This commentary came by way of ltr a reader at Angry Bear. A pretty solid review of how drug prices and the resulting costs after insurance are still impossible to pay. That is, if the insurance, Medicare, Medicaid even pay for them in entirety or a portion. If the former is not the case, a patient is left with what they will not pay. Then there is the yearly deductibles and co-pays.
Some will decide not to take these potentially life-saving drugs as it will bankrupt a family.
The difference in death rates also playout in education. Those with college educations (a proxy for wealth) the death rate is 90.9 per 100,000 per year. For those with a high school education or less, the rate is 247.3.
If you have not figured it out by now, it is who can afford what!
The Medicine Is a Miracle, but Only if You Can Afford It, DNyuz,
April Crawford never thought she’d be begging for help on GoFundMe, but she has run out of options. She has multiple sclerosis, and Mavenclad, the drug that could slow her decline, has a list price of $194,000 a year. Her Medicare insurance will pay for most of it, but she has a co-pay of $10,000.
Ms. Crawford, 47, doesn’t have $10,000 and has no way to get it. A law signed last year will put a $2,000 annual limit on out-of-pocket costs for Medicare patients like her — but not until 2025. Even at that price, money is tight in her household. She and her husband, who is disabled with COPD, live in Oliver Springs, Tenn., with a nephew who was disabled by a traumatic brain injury. All three of them rely on federal disability payments.
Ms. Crawford has come face to face with a persistent dilemma in medical care. Advances in science and immense investments by the federal government and drug companies have altered prospects for people with conditions that seemed untreatable in almost every area of medicine, Treatments including cancers, allergies, skin diseases, genetic afflictions, neurological disorders, obesity.
Dr. Daniel Skovronsky is the chief scientific and medical officer of Eli Lilly and Company. Eli Lilly has new treatments for obesity, mantle cell lymphoma and Alzheimer’s. According to Doctor Skovronsky . . .
“This is the golden age of drug discovery,”
However, the prices are reflecting the inherently costly and fundamentally different way drugs are developed and tested today. But, he said, the burden on patients who cannot afford life changing new drugs weighs heavily on him and others who work for drug companies.
For many using private insurance, the innovative medicines are dangling just out of reach. Even when Medicare’s 2025 cap comes into play, the $9,100 cap already existing for those receiving insurance under the Affordable Care Act will still find the innovation unaffordable. Research suggests large numbers of patients abandon their prescriptions when faced with $2,000 in payments.
Even years later when the costs of innovation are recouped, drugs such as Rituxan remain costly at $28,000 of which Medicare will pay ~$8,000 (actual cost).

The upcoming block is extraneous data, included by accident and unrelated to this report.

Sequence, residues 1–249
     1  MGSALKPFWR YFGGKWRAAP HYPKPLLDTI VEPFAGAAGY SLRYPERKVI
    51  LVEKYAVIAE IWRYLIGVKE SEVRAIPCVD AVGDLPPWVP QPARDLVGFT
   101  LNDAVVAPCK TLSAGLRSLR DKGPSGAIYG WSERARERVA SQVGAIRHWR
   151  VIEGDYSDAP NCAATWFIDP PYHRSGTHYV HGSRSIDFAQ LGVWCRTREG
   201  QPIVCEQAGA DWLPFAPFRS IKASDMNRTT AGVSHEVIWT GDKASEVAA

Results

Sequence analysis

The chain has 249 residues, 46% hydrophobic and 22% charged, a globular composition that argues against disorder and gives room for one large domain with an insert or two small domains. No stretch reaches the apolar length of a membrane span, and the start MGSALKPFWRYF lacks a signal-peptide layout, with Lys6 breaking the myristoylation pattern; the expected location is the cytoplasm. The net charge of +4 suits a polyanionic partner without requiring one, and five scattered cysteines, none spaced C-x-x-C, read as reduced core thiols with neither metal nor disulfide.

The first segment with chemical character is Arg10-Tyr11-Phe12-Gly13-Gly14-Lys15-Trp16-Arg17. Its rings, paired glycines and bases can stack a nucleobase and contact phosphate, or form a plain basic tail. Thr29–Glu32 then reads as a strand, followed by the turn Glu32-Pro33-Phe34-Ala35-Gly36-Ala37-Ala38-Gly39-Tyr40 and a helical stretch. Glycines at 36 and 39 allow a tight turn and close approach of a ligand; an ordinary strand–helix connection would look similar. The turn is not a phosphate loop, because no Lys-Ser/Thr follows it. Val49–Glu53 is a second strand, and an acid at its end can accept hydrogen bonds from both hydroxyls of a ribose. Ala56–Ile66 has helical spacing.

One telltale sign a treatment is working is the widening chasm in outcomes between wealthy patients and everyone else. This is because when the prices for miracle drugs reach hundreds of thousands or even millions of dollars, people do not fill prescriptions simply because they cannot afford them.
Underlying the data quantifying these problems are individual stories about patients such as Ms. Crawford. She has tried desperately to find a way to pay for expensive drugs that could make a big difference in their lives. A few have succeeded, often briefly and tenuously, while many others do not. And those experiences produce consequences — cures only for a select few.
The new era in treating previously intractable diseases began with huge scientific leaps after the turn of the century, allowing researchers to find genes they could target to treat cancers and other diseases. Scientists could harness the immune system or suppress it and even alter patients’ very DNA with gene therapy. Dr. Skovronsky of Eli Lilly . . .
“Today’s drugs are more effective because they target the biology of disease with few side effects.”
Previous drugs to treat diseases like psoriasis or rheumatoid arthritis are “blunt instruments” which shut down the immune system and also had serious side effects.
“Yesterday’s drugs were moderately effective in treating a broader population,” he added.
But the drugs that have emerged often are extremely expensive to produce. At Lilly, Dr. Skovronsky said, the company will be spending more than $8 billion in 2023 on drug research and development.
“Some of that money goes to failures, some goes to basic research, some goes to clinical trials and some goes to drugs that actually work.”
Orphan Drugs and One Time Treatment
Not only are the new drugs costly to research and develop but some treatments are for just a few patients with very rare diseases. Some treatments such as gene therapy, are used only once rather than over a person’s lifetime.